Anyway, let’s move on to details and such.

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Burlington needs to grow.

One of the things that always perplexes me about anti-development activists in Vermont is how fragile they believe our state’s character is. To hear them tell it, a single development here or there will forever alter Vermont for the worse, and trash our pristine image.

Myself, I believe our state’s character is built of stronger stuff, and can withstand a reasonable amount of development.

Ditto Burlington, a small town by most standards but our largest metropolis. There’s a kneejerk reaction to any growth or development proposal in the city, as if it will be forever shattered if it has a few tall buildings or more people, or if we were to mix some housing into the artists’ colony in the South End, or just about anything else that might add to the population. .

Well, as a person who lived in Ann Arbor, Michigan longer than I’ve lived anywhere else, I can tell you that a city can accommodate a frightening amount of growth without losing its character. Ann Arbor remains a funky town full of interesting, creative people, even though it has a lot of tall buildings downtown and a lot of in-fill development.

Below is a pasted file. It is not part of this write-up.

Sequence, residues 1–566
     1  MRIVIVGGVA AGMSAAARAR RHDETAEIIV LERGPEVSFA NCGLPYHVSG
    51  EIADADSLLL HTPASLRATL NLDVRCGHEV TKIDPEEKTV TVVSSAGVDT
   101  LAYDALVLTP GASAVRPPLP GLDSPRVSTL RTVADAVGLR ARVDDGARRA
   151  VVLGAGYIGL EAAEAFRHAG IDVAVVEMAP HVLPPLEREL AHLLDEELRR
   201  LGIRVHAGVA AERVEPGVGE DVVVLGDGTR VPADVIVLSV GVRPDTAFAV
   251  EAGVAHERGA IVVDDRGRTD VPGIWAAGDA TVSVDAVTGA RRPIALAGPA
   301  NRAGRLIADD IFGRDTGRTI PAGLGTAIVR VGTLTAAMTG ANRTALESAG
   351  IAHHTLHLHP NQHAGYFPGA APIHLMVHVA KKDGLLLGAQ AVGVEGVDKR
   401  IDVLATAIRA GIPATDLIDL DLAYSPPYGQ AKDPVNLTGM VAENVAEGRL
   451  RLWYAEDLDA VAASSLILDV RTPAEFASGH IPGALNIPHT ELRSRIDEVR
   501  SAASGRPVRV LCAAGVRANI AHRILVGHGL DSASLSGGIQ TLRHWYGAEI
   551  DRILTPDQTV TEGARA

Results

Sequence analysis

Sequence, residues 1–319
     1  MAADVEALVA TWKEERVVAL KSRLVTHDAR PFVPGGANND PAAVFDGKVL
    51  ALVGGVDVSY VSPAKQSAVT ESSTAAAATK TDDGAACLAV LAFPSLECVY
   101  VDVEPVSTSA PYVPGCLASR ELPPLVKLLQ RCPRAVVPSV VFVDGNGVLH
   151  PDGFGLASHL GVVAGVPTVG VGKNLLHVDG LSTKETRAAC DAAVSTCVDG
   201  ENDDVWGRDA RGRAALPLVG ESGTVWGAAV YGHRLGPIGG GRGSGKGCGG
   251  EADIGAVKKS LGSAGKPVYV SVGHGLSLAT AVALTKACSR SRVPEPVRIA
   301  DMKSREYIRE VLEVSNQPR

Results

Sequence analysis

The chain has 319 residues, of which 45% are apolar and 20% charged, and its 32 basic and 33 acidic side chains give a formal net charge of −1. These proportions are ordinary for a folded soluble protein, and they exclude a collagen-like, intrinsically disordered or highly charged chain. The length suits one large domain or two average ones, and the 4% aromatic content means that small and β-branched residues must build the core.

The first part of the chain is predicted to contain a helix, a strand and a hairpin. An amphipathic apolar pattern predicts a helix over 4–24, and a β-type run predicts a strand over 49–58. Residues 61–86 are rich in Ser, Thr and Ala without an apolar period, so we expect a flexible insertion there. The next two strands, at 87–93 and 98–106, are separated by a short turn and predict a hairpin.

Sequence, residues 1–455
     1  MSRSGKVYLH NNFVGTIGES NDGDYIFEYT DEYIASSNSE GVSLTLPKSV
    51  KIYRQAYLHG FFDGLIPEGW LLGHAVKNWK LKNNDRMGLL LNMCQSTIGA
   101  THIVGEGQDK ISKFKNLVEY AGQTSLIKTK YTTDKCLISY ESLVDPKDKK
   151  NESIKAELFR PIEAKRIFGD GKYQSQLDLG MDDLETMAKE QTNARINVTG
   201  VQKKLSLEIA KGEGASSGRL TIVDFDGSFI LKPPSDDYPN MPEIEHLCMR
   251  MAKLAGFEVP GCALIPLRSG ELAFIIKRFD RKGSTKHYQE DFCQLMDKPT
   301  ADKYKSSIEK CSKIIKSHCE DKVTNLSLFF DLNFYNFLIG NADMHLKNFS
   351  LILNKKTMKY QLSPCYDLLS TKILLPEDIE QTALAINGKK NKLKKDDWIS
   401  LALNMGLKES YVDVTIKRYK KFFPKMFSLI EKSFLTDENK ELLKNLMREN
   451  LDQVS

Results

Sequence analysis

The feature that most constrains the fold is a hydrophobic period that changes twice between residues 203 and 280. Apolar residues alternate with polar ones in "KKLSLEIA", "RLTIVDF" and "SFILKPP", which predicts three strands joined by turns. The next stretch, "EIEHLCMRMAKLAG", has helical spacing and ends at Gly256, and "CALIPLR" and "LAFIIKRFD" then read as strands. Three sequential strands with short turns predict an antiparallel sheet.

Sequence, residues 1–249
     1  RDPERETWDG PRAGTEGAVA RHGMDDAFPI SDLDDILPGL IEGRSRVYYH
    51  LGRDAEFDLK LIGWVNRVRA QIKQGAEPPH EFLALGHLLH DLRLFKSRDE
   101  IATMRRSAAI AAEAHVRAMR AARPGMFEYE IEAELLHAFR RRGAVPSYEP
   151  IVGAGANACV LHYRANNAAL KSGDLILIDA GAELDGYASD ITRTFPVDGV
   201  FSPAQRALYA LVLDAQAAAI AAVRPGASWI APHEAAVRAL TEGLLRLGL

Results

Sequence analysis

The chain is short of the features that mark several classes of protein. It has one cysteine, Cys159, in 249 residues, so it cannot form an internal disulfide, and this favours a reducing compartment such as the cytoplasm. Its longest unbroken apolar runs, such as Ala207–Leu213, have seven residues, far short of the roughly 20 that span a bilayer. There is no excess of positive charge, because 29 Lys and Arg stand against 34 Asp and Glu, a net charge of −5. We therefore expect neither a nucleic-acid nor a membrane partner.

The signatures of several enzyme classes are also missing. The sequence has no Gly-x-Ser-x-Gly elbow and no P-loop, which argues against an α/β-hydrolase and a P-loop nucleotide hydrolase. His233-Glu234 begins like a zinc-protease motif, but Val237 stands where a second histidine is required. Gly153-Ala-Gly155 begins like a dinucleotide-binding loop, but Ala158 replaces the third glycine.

Yeah, the traffic sucks, but it’s always more or less sucked.

Beyond that, I believe in a simple propostion: Burlington needs to get bigger. For the sake of its people and its economy — but more importantly, for the sake of Vermont’s future.

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Today’s Free Press front page is just perfect

The Burlington Free Press’ descent into whoredom continues apace. Today’s front page encapsulates every worrying trend in the devolution of a once-adequate newspaper — sorry, “media property.”

The front page, for those not close enough to a library or convenience store to give it an eyeball, features Don Sinex, owner of the Burlington Town Center Mall. Sinex is seeking city approval for a complete makeover of the mall, including two 14-story towers that would be the tallest human-made buildings in the city. Sinex is certainly newsworthy; it’s the layout, and all the surrounding circumstances, that illustrate the shortcomings of the Queen City’s Newsroom Of The Future.

For starters, there’s the fact that the Free Press has been giving this story constant, breathless coverage for quite a while now — interrupted only by its ardent pursuit of Trump-related clickbait. I understand that this is a major story regarding the development of downtown Burlington, and I don’t mind quantity coverage with some balance to it. This, however, is giving over the paper’s most valuable real estate to Sinex.

And if you don’t think this was a pro-Sinex puff piece, just look at the headline:

Last Best Plan for Burlington Mall

If that isn’t an editorial, I don’t know what is. The paper could have said “Developer Touts Last Best Plan” or something like that, but no. This Is “The Last Best Plan.”

Subtle.